Wednesday, October 17, 2012
Silver coins go back a long way, because they're a compact, recognizable, and, when minted by a trustworthy government, reliable measure of value. There are examples of silver coins still existing that were already ancient when this one was minted, at Rome 2,149 years ago.
I don't know the details, but I think in late Republican times, before the Roman Empire came along, coins were produced under the sponsorship and at the expense of rich individuals, which is why this one is inscribed with the name Marcus Baebius Quinti filius Tampilus, abbreviated on front and back.
The obverse (head side) is a beautiful head of Mercury, Roman version of the Greek messenger god Hermes, rendered with great economy of line, and the surname Tampil(us). The reverse shows a naked charioteer driving his team of four across a ground line inscribed "Roma," and below the remainder of the patron's name: M(arcus)Baebi(us) Q(uinti) F(ilius),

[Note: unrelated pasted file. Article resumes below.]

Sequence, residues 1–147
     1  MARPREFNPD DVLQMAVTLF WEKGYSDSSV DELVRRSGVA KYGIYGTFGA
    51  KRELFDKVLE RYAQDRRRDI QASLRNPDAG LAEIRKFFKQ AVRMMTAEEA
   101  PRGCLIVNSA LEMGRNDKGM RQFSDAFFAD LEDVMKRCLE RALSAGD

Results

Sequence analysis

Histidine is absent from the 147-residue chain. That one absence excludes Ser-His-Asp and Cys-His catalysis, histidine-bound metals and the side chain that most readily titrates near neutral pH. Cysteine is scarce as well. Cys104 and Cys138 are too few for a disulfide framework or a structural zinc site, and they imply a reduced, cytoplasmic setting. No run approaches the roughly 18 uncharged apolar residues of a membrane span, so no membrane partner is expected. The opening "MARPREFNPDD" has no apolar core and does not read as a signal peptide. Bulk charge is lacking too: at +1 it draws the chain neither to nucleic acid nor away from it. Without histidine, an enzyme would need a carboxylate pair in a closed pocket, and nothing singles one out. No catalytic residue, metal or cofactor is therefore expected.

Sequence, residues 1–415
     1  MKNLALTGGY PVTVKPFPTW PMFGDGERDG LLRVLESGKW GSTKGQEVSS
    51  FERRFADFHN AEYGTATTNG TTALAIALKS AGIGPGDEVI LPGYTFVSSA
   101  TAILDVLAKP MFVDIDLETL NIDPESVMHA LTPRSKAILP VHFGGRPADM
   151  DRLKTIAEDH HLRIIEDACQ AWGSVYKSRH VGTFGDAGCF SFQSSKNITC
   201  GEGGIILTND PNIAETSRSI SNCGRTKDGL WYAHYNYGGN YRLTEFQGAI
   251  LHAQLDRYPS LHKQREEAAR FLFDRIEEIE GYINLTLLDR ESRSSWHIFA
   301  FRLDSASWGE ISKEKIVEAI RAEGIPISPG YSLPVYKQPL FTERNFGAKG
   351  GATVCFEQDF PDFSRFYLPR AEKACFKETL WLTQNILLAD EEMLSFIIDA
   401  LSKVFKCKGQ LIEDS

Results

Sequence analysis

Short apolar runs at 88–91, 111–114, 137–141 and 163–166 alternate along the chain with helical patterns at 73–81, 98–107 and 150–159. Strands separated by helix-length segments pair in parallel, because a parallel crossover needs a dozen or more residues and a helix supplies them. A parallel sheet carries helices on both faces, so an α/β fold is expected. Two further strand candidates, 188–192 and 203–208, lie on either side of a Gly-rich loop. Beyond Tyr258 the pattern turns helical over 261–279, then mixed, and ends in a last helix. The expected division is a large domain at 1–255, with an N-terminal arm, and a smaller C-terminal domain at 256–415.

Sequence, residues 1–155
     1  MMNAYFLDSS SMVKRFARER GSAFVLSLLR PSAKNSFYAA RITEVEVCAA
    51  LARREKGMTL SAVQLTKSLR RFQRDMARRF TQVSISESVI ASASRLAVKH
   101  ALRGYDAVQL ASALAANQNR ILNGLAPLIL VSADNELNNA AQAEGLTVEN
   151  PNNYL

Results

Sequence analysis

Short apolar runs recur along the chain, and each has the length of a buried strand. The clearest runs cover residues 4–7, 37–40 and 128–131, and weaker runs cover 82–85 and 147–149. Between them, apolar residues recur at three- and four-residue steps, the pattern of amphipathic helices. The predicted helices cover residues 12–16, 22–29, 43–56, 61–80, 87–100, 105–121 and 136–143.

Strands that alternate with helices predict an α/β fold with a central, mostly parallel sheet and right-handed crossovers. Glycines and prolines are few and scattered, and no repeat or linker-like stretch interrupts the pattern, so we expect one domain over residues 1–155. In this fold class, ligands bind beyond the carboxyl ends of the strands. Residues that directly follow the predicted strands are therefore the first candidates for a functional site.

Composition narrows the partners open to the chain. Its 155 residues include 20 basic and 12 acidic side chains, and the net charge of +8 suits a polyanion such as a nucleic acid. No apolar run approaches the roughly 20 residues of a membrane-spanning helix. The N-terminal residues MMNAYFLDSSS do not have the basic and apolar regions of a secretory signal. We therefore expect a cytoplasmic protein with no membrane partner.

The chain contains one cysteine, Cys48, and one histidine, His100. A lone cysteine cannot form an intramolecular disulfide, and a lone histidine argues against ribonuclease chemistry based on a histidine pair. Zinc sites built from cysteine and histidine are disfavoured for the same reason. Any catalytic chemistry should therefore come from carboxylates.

The denarius was the most common Roman coin, in circulation from 200 BC to late empire times, although the silver content was gradually debased over time. So this is one of the high-grade ones, a 90-percenter: 4.5 grams of silver or 1/72nd of a Roman pound.
We've had 90% silver coins in this country too. The last of these went away at the start of Vietnam, in 1965. The last 90% silver dollar was the Peace Dollar, last struck in 1935.